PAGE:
As the series went on they added more monsters, and more weapons to the mix. Those alone wouldn’t be enough to keep me going in this series, and this is a series I have easily dropped a thousand hours into, so what is it that keeps me going? The answer is simple: It has multiplayer. Each game has the ability to connect with up to three other players, to go hunt bigger and bigger monsters. This feature is enough to keep me going, because the mix of competition (I need to be better than them!) and co-operation (if I stop playing I’ll fall behind!) is a powerful motivator.

That and four players hunting a giant monster is either goofy as hell, or the single most awesome thing I’ve seen in a game. It really depends on what you are hunting, and some of them, the idea of hunting them with anything but a full party is just terrifying.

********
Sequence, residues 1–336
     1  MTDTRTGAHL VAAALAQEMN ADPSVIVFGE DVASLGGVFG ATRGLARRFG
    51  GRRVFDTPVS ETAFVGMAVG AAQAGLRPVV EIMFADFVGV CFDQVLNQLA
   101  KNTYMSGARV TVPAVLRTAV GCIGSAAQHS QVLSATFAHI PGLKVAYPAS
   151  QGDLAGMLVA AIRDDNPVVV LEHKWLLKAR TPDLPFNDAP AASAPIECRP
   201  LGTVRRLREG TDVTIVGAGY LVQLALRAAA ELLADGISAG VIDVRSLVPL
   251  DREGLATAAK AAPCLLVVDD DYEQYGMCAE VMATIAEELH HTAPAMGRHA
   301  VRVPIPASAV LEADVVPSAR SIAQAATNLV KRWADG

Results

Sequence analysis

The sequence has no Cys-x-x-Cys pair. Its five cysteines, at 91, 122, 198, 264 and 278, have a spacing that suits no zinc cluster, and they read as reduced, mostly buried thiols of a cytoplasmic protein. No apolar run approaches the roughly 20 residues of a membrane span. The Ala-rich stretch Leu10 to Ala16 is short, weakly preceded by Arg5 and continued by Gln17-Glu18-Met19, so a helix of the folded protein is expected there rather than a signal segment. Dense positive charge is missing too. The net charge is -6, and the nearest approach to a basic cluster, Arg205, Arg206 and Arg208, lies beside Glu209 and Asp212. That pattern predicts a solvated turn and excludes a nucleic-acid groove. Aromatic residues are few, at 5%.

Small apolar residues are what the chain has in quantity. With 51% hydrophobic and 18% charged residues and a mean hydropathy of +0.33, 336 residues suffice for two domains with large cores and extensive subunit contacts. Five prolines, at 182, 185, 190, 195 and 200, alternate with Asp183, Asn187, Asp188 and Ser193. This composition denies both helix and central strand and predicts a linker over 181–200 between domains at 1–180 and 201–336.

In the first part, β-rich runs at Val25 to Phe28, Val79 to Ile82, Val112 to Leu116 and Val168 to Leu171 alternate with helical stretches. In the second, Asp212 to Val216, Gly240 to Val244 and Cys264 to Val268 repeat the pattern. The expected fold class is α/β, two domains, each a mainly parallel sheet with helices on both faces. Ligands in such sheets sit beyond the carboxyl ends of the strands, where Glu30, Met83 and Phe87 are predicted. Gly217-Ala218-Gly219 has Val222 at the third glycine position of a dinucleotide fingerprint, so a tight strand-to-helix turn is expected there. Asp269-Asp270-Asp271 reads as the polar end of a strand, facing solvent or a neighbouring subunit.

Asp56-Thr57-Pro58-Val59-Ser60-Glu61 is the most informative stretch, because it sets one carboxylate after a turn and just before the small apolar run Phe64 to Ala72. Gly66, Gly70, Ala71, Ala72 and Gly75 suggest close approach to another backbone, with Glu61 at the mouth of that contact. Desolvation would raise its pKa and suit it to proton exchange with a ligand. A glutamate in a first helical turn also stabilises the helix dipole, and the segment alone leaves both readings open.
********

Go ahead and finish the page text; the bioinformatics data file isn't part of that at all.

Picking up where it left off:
May I present to you, the mountain who pretends to be a snake!

Like that one. He’s roughly one thousand, four hundred, and forty-five feet long. For those of you who can’t quite picture that, school busses are forty-five feet long. Thirty two school busses arranged end to end wouldn’t be long enough to match this guy, and you have to fight it! That’s when this game truly shines, is when you successfully bring something that big to its knees. After that, the loot barely matters, what matters is the victory.

So this sounds great right? Why then did I start this off spouting hatred for this game? Well the problem comes from the moments that are in between those epic fights. The problem is how much of a grind this game really is. So as I mentioned, once you hunt a monster, you can make armour from its parts. The problem is you will never get enough parts on the first hunt, and likely not the second. My current group of hunters famously remembers spending days hunting one particular monster, over and over again, trying to get one particular stupid piece. One single piece was all I needed to make my armour. We fought him easily over a hundred times.